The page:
Welcome to Consumers’ Notebook, where we feature news-you-can-use and other timely information to help you become a more informed consumer. Check back often to read the latest pieces in our Notebook.
Check Washing Makes a Comeback; Here’s How to Protect Yourself
Check washing has been around for decades, but it’s made a comeback in the last few years, with victims reporting losses ranging from a few hundred to tens of thousands of dollars.
Expert Advice: Seven Tips to Help You Be a Better Consumer
This is National Consumer Protection Week (March 5-11) and to celebrate Checkbook asked five experts to share some of their wisdom. Their advice will help you be a better consumer all year.
FTC Warns Eye Doctors to Provide Prescriptions for Free, as Required by Law
In late February, the FTC sent cease and desist letters to 24 eye care prescribers warning them that, based on customer complaints, they appear to have violated the Contact Lens Rule, and in some cases, the Eyeglass Rule.
Should You Give Up Your Privacy to Save on Auto Insurance?
Many auto insurers offer to reduce customers’ premiums by as much as 30 or 40 percent if they agree to allow companies to monitor how, when, and where they drive, with little oversight on how they can use the data.
FTC Charges GoodRx with Illegally Disclosing Customers’ Health Information
Millions of Americans have saved money on their prescription drugs by using coupons from GoodRx. But at what cost? Federal regulators have accused the discount drug and telehealth provider with violating federal law by “failing to notify consumers” about its “unauthorized disclosure” of their health information to other companies.
Proposed Rule Would Curb Excessive Credit Card Late Fees
On Feb. 1, the bureau proposed a rule that would cap ever-increasing credit card late fees at $8 and require financial institutions to justify future price hikes.
Report: Data Breach Notices Lack Key Details, Enable Identity Theft ‘Scamdemic’
There’s a good chance you received a data breach notice last year—possibly more than one. Unfortunately, last year only 34 percent of breach notices included details about what was obtained from attacks, the lowest number in five years.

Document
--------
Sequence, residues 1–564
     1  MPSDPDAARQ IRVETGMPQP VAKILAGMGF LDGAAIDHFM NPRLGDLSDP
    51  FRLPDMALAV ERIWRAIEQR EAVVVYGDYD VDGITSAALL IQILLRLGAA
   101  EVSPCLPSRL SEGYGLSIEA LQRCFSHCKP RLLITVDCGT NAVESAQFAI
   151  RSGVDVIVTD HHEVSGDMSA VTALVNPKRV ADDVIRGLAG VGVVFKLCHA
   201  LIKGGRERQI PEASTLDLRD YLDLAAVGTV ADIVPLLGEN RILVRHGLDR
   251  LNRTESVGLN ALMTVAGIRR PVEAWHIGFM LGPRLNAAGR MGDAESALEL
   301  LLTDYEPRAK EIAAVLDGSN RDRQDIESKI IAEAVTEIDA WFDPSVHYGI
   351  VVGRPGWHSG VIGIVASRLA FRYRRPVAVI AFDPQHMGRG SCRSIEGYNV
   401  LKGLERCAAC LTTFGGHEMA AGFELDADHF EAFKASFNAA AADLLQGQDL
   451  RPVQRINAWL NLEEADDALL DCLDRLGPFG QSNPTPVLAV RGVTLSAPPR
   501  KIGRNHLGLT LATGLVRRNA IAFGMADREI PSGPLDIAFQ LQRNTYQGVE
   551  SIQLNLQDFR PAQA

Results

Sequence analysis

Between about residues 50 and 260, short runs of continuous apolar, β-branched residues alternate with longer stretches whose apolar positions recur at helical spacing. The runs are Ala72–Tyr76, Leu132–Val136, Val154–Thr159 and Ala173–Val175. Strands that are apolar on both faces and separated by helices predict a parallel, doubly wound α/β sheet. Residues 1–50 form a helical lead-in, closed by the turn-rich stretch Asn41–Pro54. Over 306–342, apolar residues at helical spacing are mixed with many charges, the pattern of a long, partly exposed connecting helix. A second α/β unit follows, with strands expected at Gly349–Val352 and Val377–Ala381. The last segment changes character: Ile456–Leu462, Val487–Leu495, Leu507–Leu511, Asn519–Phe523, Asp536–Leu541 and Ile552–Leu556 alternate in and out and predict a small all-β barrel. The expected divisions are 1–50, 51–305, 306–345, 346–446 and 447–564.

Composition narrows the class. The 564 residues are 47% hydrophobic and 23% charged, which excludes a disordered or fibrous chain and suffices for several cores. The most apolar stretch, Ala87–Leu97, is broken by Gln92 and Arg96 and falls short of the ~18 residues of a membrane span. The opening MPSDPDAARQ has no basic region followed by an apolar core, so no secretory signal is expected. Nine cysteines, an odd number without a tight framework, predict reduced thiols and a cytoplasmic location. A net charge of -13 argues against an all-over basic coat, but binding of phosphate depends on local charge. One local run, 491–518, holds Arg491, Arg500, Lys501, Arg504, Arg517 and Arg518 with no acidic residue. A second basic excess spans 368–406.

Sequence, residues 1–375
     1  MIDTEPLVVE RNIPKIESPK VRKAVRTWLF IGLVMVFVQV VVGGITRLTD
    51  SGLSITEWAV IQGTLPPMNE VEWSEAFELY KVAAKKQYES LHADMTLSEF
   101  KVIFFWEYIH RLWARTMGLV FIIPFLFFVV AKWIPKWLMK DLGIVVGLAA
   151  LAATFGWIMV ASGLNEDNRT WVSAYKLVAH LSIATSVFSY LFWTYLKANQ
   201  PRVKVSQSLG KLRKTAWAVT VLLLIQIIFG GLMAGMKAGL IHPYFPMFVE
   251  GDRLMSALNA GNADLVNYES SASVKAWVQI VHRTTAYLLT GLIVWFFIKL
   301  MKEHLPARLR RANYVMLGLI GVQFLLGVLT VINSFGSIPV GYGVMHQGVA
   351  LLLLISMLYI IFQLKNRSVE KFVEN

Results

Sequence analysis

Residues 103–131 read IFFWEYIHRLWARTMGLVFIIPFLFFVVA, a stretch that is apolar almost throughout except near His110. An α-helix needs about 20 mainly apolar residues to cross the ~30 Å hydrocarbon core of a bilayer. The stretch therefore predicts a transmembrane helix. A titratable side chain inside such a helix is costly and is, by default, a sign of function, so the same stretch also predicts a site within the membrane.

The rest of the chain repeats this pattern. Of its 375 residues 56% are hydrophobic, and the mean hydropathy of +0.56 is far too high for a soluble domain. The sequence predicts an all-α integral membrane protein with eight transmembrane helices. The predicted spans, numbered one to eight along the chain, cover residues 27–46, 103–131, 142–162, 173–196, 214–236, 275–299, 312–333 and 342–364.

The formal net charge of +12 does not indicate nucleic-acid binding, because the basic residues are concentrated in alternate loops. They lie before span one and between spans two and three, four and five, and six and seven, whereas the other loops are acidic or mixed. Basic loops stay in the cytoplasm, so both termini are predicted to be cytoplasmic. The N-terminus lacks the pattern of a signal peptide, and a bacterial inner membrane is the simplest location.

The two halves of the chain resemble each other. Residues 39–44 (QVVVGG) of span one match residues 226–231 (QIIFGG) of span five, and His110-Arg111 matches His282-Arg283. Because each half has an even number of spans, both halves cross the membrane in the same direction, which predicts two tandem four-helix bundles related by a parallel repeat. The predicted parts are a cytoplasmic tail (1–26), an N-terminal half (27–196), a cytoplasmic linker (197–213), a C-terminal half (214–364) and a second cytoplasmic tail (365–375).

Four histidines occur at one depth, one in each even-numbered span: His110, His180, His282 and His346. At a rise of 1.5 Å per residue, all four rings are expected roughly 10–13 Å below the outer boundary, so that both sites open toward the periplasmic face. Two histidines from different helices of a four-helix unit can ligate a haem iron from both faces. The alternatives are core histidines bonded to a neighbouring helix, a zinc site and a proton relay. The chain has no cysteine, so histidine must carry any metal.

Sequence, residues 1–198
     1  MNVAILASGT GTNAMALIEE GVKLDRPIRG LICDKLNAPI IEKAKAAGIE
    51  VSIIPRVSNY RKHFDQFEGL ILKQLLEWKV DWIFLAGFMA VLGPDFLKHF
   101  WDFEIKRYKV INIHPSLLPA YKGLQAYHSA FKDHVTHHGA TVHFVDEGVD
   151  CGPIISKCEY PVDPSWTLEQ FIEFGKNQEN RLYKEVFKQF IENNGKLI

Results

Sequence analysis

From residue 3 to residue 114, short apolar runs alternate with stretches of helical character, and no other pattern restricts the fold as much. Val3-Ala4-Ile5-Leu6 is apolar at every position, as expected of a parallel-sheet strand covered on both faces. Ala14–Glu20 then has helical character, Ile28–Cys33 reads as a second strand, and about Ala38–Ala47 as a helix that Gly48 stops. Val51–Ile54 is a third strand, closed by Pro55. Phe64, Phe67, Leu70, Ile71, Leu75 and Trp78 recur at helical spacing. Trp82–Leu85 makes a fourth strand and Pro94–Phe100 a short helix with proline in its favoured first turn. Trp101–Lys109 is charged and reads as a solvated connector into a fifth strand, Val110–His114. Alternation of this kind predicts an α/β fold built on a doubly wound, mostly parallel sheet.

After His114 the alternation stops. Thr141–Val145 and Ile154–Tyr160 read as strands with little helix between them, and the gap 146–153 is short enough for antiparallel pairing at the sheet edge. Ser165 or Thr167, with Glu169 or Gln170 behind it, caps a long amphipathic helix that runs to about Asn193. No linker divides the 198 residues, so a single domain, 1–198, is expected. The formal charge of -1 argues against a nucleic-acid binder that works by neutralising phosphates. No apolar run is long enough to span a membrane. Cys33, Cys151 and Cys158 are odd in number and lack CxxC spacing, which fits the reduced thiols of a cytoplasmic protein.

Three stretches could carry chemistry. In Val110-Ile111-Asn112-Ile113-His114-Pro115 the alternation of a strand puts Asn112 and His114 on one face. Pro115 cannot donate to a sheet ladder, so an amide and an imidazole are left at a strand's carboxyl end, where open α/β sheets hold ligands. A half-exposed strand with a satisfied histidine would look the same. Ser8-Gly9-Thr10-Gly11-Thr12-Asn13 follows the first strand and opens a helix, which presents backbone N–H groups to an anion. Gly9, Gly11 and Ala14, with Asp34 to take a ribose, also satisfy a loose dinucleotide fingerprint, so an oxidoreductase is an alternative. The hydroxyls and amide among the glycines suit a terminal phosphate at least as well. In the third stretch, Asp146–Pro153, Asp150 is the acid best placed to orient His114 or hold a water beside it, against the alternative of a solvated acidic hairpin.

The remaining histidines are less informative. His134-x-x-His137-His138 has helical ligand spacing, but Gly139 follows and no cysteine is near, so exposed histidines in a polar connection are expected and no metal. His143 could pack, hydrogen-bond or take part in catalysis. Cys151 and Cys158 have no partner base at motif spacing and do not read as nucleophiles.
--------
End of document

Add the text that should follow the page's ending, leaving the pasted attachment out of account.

Federal Regulators Cracking Down on Hidden Fees
Many companies use hidden fees to obtain bigger payments from customers without having to increase their advertised prices. These bait-and-switch schemes cost consumers “tens of billions of dollars each year,” make comparison shopping difficult, and “leave consumers feeling powerless and cheated,” according to the Federal Trade Commission (FTC).
Tax Season Is Officially Underway; Here’s What You Need to Know
Millions of Americans will be disappointed that they’ll get less money back than last year—or even owe money—as they prepare their federal tax returns for 2022.
Avoid Getting Stuck with a Flood-Damaged Used Car
Buy a used vehicle that’s been inundated by flood waters, and you’re going to have problems down the road—no matter how nice it looks.
Fraud Alert: Customer Service Imposter Scams
To gain your confidence, con artists lie about who they are. They impersonate IRS agents, debt collectors, bankers, Social Security Administration employees, and law enforcement. These days, they’re also finding it lucrative to pose as customer service agents.
Flight Delayed or Canceled? Luggage Lost? Know Your Rights
In the U.S., if your flight is delayed or canceled, or if your baggage gets lost or damaged, unfortunately airlines aren’t required to do much for you. But it’s important to know your rights—however limited—if an airline strands you, delays you for hours, or loses your stuff.
Are Your Kids’ Smart Toys Spying on Them?
Toys equipped with microphones, cameras, or sensors create all sorts of privacy and security issues.
Study Finds Some Recalled Toys Are Still Up for Sale
A recent study by U.S. PIRG found that, incredibly, some toys that had been recalled due to known safety defects are still being sold new online.
More Online Retailers Now Charge Return Fees
Better check the return policy before buying online. A growing number of retailers are charging shipping fees that they deduct from the amount they refund.
Student Loan Repayment Pause Extended Yet Again
After a federal appeals court halted a plan to forgive student loan debt for millions of Americans, the Biden administration on Tuesday extended a payment pause until the end of June 2023.
Consumer Advocates Urge Supermarkets to Stop Digital Discount Discrimination
A coalition of national consumer groups recently sent a letter to the presidents of a dozen large supermarket chains, calling on them to “stop discriminating against senior citizens and low-income shoppers” who cannot take advantage of in-store digital-only discounts.
DOT Fines 6 Airlines and Orders Them to Refund $600 Million to Stranded Passengers
The U.S. Department of Transportation (DOT) has ordered six airlines to pay $600 million in refunds to passengers who had their flights canceled or significantly delayed during the pandemic. Only one of the six, Frontier, is a U.S. airline.
Can You Trust Online Reviews for Home Warranty Companies?
For decades Checkbook has urged against buying home warranty plans, which we see as terrible deals. Consumer advocate Edgar Dworsky, publisher of ConsumerWorld.org, found something curious when he looked into online reviews for American Home Shield.
Dealing with Debt: The Smart Way to Get Your Finances Back in Order
Credit card debt can lead to serious financial trouble. A trained credit counselor can help you pay down debt, even if it seems insurmountable, and teach you skills to remain on track.